This is David, Brenda, and Miles Lane's system in Santa Cruz. The golden gate kegs were acquired from a local microbrewery. This system uses 30,000 btu Kamp Chief burners, which just happen to have legs that fit perfectly into 1" PVC pipe. It somewhat of an unusual engineering design, but it has been in use for 10 years and still works just fine. The grain mill (lower right) is Valley Mill run with a 1/3 HP GE electric motor form the 1950's or earlier. The black box near the wall above the wort chiller is food grade pump. One disadvantage of the Golden Gate kegs is the screen in the Mash tun is about 4" from the bottom of the tun. A lot of liquid was unstirable and was getting heated much hotter than the rest of the mash. After of number of high gravity beers failed to achieve the correct final gravity (they stayed sickly sweet) I added to pump which solved the problem. I could have made a new mash tun out of a sanki keg, but the sanki has a higher profile and I would have had to modify the stand.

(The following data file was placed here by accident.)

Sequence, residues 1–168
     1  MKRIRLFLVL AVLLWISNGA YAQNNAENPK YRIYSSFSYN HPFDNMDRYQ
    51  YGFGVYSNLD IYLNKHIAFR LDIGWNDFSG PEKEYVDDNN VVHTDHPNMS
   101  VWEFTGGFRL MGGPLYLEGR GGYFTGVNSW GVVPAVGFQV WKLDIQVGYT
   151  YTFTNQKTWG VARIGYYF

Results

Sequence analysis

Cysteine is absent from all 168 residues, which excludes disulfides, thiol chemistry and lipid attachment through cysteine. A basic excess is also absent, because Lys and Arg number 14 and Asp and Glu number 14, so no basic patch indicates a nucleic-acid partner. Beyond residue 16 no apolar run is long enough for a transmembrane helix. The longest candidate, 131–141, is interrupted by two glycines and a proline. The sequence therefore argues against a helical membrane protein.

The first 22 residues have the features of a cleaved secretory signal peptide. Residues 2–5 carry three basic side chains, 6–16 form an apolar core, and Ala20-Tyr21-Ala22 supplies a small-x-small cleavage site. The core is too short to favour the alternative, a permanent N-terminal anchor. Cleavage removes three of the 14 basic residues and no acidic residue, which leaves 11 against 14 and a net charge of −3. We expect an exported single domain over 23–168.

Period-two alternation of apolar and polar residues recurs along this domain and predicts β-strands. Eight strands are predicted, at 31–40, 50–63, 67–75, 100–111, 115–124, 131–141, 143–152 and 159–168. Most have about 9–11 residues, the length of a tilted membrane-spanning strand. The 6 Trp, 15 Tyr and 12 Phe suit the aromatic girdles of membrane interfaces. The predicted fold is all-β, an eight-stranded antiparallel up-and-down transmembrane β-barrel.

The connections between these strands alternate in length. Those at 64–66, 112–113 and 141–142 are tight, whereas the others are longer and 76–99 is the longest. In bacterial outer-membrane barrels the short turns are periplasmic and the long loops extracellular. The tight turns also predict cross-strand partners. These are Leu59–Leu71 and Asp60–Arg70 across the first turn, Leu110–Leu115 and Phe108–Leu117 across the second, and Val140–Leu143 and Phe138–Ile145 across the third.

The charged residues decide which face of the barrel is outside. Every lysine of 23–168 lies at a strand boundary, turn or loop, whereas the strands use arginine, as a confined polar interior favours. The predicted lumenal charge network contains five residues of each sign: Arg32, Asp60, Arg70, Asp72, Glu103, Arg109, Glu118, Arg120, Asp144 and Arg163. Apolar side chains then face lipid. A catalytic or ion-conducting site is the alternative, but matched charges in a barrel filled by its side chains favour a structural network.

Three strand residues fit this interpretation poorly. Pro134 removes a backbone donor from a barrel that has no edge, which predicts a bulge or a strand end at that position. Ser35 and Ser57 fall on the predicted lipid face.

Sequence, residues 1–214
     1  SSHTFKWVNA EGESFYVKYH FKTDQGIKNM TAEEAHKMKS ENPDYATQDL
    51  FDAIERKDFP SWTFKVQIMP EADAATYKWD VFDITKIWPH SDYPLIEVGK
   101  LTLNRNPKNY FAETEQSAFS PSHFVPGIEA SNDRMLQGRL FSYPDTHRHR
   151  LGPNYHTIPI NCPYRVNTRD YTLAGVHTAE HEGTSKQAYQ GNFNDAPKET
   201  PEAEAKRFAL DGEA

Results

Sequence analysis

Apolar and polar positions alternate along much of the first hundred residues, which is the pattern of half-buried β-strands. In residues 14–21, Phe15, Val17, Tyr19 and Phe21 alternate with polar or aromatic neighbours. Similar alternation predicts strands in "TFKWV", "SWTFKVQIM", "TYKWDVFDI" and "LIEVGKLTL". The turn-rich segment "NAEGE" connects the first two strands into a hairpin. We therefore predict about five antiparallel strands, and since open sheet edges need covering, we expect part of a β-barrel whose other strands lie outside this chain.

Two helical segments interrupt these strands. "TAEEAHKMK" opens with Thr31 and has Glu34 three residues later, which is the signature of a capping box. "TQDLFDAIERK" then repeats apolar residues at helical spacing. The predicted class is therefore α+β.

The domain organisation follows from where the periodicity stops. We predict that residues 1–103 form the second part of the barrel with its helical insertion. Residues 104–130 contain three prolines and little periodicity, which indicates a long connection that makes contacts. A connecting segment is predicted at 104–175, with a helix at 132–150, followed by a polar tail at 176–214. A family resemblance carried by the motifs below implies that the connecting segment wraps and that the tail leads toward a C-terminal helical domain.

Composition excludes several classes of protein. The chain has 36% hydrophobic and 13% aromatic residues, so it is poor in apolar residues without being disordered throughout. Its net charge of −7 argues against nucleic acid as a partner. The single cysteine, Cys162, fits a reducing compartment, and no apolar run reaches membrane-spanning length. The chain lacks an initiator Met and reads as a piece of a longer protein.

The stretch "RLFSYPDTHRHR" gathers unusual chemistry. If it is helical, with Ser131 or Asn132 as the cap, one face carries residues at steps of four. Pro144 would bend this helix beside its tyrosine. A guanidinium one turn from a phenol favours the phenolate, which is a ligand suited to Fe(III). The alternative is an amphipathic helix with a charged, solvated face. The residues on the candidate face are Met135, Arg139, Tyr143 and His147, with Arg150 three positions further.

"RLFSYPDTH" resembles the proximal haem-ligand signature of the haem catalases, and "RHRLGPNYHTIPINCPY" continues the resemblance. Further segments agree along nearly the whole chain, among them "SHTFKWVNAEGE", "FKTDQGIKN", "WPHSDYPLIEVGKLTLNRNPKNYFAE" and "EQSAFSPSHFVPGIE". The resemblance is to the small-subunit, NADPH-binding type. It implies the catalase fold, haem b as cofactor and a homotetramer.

The bottom of the boil kettle has a copper tube with many holes drilled into the bottom to filter out whole hops used in the boil.
The mash tun has a false bottom made out of perforated stainless
The False bottom is supported by strips of the same perforated stainless rolled into a circle and tack welded.
My ferminters are modified sanki kegs with a circle cut in the lid and a flat stainless lid with a lip and a large O ring. Note the quick disconnect (white plastic piece) on the to of the keg. When I want to keg I connect a C02 tank and pressure flow the beer through a filter into the kegs. I tilt the keg on a piece of wood when kegging and all the yeast stays in the concave bottom of the keg and virtually all the beer can be removed.
When its all said and done it winds up on one of my five taps. The five kegs on the right are on the front porch waiting for someone to finish the kegs in the fridge!
One our youngest brewers